[If you dropped by last week during my temporary shut down, you may have gotten a raw preview of today’s Feature. I had forgotten it was scheduled to go out and it was indeed not yet complete. It was probably up for a day or so before I stumbled upon it while tinkering with the site, spat Jameson all over my monitor, and quickly took it down. Anyway, here’s the finished, final version and hopefully the last of the wrinkles from last week that I have to iron out. -FF]
Unless you’ve been living under a rock, you probably know that every Third-Party Convertobot company out there has been taking a crack at their own versions of The Dinobots these days. While some of these companies have been brazenly shooting for “as close to copyright infringing G1 likenessas as they can get” styles, Fansproject has been presenting us with a little more of a unique look to these prehistoric-based Transformers. That tickled my fancy enough to get me to shell out the monies for the first two, Columpio (Not-Sludge) and Cubrar (Not-Slag) and I was quite pleased with what I got. To me these are something more akin to what we would get from Hasbro if they ever did a proper Generations-updated style of Dinobots, only far more detailed and complex. The Lost Exo-Realm figures flirt with the G1 designs just enough, while still bringing plenty of originality to the table. I can’t see any rhyme or reason to the order these guys are being released (I mean, who starts with Sludge?), but their third release is Volar (Not-Swoop) and this guy landed on my doorstep last week.
I don’t know what’s what in the dinosaur world anymore, but back when I was a kid we called something like this a pterodactyl, although I seem to recall Spike calling it a pteranodon in one of the episodes of the Sunbow cartoon. Either way, it’s one of them flying dinosaur sum’bitches. Overall, I think this mode is pretty well done, but I’ll also admit that I’m grading it on a curve because this is a tough alt mode to do much with. In a lot of ways it reminds me of FP’s Sigma-L (Not-Mindwipe) because you’re pretty much always just going to have the robot feet tuck in to be the animal’s legs, and the arms tied into the wings. Volar does a few interesting things, like the way the arms fold behind him to form a sort of jetpack and the fact that he has a cute little dinosaur tail, but looking at this mode still tells almost the whole story of how this thing is going to transform.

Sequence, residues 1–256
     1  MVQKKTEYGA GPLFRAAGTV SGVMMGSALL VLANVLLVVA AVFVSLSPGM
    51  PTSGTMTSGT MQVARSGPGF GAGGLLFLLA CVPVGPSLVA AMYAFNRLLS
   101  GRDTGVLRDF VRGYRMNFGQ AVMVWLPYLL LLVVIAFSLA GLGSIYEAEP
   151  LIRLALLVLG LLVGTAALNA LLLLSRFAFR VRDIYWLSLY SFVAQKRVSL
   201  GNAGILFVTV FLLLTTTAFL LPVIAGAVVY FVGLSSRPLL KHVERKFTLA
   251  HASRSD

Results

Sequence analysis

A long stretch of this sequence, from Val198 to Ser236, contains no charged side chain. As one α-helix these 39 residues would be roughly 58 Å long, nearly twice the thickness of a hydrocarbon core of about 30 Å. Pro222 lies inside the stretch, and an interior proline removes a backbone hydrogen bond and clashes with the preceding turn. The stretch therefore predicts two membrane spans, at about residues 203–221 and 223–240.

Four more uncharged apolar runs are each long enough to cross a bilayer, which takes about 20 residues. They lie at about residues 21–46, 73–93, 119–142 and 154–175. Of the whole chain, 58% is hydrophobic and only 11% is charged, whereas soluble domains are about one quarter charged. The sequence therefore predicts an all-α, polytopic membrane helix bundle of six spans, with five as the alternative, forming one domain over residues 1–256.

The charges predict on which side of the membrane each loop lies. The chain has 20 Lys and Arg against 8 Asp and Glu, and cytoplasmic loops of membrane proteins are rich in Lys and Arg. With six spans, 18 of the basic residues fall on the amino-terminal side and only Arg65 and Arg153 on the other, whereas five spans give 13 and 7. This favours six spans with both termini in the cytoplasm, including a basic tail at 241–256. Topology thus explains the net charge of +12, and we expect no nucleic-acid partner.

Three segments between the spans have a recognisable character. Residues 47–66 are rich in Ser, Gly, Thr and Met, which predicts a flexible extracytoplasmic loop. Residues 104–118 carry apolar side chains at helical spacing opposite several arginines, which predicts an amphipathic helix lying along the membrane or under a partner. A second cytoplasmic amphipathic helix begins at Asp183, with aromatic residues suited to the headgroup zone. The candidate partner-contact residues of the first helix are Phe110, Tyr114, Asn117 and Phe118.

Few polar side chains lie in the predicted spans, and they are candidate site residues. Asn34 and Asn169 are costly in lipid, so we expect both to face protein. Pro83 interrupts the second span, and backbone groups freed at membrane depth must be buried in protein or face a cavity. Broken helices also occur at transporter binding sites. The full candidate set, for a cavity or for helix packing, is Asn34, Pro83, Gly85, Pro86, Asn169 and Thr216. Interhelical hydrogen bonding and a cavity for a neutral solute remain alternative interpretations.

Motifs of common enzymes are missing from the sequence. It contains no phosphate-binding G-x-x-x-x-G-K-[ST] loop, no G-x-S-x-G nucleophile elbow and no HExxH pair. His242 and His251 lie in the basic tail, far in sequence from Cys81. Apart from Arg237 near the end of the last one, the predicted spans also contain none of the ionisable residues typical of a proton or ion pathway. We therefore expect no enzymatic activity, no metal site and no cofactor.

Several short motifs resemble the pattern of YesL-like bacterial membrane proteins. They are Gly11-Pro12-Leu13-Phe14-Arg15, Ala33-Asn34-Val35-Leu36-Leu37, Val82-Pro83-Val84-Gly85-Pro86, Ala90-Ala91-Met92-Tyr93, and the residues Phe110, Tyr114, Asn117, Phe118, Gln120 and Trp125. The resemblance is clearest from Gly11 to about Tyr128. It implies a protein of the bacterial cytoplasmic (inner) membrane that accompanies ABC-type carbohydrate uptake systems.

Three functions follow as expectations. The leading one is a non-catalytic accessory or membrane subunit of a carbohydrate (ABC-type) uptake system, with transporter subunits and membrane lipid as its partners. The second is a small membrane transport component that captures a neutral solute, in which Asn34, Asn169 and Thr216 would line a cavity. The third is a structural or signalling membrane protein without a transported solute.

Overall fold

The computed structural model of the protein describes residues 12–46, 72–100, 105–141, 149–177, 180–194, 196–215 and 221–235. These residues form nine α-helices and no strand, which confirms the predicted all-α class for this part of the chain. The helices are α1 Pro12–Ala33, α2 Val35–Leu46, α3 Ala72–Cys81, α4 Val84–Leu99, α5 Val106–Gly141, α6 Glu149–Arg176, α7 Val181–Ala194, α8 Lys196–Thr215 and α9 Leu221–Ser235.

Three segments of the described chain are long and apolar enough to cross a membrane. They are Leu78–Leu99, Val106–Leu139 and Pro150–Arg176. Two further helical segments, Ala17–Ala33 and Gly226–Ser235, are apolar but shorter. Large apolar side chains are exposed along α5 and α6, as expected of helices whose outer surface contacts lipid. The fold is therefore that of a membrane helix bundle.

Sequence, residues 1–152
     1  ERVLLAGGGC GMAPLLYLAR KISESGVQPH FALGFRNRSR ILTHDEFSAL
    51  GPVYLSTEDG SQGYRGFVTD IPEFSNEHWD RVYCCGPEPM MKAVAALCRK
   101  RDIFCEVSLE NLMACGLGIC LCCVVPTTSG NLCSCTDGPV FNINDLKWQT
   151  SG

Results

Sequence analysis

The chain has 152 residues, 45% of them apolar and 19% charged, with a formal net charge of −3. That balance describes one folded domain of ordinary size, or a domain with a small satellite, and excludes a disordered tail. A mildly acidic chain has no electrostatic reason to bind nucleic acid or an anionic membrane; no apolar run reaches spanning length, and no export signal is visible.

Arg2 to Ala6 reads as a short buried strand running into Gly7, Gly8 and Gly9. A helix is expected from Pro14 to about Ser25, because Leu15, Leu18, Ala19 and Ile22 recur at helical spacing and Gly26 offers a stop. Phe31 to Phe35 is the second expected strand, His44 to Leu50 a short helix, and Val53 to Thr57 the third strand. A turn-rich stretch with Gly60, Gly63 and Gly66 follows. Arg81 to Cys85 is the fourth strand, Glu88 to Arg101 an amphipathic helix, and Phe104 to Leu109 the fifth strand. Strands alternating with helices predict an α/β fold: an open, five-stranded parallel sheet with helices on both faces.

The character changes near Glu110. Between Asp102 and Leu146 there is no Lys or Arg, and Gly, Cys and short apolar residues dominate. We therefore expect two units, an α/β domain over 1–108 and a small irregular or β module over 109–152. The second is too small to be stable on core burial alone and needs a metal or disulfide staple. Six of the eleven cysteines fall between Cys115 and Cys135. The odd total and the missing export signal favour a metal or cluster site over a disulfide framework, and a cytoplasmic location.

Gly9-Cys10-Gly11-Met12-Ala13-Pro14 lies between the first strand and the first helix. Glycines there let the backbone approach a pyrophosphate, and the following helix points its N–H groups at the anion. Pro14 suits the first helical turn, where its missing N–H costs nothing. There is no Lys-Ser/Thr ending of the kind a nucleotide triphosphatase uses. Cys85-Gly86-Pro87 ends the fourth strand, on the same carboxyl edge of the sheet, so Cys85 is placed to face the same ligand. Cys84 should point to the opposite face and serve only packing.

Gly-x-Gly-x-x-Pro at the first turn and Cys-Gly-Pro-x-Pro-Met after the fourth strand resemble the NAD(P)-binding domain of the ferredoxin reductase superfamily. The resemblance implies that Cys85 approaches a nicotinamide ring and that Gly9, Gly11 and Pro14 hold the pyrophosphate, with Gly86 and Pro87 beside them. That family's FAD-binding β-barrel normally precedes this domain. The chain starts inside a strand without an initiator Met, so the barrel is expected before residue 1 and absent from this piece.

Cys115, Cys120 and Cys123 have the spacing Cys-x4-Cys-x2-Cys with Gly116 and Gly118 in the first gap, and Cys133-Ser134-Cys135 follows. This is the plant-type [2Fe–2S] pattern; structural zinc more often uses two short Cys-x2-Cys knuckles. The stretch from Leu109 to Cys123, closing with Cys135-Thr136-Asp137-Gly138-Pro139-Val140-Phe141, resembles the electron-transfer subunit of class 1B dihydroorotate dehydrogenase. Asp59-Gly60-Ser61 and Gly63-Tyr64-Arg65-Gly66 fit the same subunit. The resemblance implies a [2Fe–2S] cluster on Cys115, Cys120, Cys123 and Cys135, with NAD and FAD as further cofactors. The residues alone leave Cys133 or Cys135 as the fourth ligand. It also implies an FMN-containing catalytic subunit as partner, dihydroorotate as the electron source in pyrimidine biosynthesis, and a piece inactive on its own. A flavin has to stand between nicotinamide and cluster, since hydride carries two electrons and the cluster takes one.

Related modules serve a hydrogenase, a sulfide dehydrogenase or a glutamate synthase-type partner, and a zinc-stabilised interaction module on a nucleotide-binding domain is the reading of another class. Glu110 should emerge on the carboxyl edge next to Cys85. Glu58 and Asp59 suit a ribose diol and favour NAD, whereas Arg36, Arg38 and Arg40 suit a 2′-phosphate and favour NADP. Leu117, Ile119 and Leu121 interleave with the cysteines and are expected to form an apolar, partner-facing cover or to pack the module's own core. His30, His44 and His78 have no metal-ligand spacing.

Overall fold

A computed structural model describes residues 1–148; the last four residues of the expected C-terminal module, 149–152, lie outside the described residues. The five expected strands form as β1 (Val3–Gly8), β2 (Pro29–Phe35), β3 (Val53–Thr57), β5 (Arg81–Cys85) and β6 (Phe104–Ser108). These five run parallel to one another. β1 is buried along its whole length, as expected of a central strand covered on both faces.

That having been said, what’s here is pretty damn cool. I totally dig the head, which is extremely evocative of the G1 character design. The wing configuration has more of a hooked profile than I remember the original toy having, but it’s quite distinctive and pretty vicious looking. The wingspan is an impressive 13-inches or so when fully extended and there’s a lot of articulation there to work with. Each wing has universal movement at the point of connection to the body and is hinged in two places, so you can fold them up and put them at his side when Volar is standing at rest. The head features some limited movement at the neck, but mostly up and down and a little tilt side to side. The jaw is fully articulated and can open pretty wide.
If you’ve been collecting the retail releases of this line, you know what to expect from the deco. Volar is mostly molded in red and gray plastic and features that same great satiny gold paint that we saw on Cubrar and Columpio. There’s also some silver and blue accents as well. One thing Volar is missing is the shiny metallic silver found on his two predecessors. In this case the silver is more like a satin finish to match the gold. Swoop comes with a red torso, but if you want to mix it up for a little Sunbow cartoon accuracy, a blue torso is included so long as you’re willing to do the work to switch it out. I’m not one for disassembling my $100 toys, so pardon me if I don’t show you both versions.
Volar features a pair of (non-firing) missile launchers, which can be attached in a couple of different ways. They can be clipped onto his back, or more specifically, they are held by his robot hands, which jut off the sides of the jetpack. They can also be pegged into his wings for a more G1 accurate look, either front or back.
Of course, one of the cool little bonuses of the Lost Exo-Realm line is that each figure comes with a little Targetmaster-style buddy. I don’t know if it’s really appropriate to call the previous two Targetmasters because they turn into some kind of chopping or bludgeoning weapon, but in this case, Velos is some kind of crossbow. I love the idea of these little guys and they have featured some really impressive sculpting and design work, but having the huge weapon shaft sticking off of their backs has been a downer. I’m happy to say that Fansproject fixed that problem with Velos by having the the end of the shaft unpeg to become his weapon with the rest of the shaft pointing upward behind his back. Ironically, apart from this huge improvement, Velos is probably my least favorite of these three little figures. He’s perfectly fine, but I like the looks of the others better and their own little weapons were much cooler.
Aaaaand, that’s where I’m going to break today because my trusty word processor is telling me I’m well past my arbitrary and self-imposed word count limit. Tomorrow I’ll swing back and check out Volar’s robot mode and Velos’ weapon mode!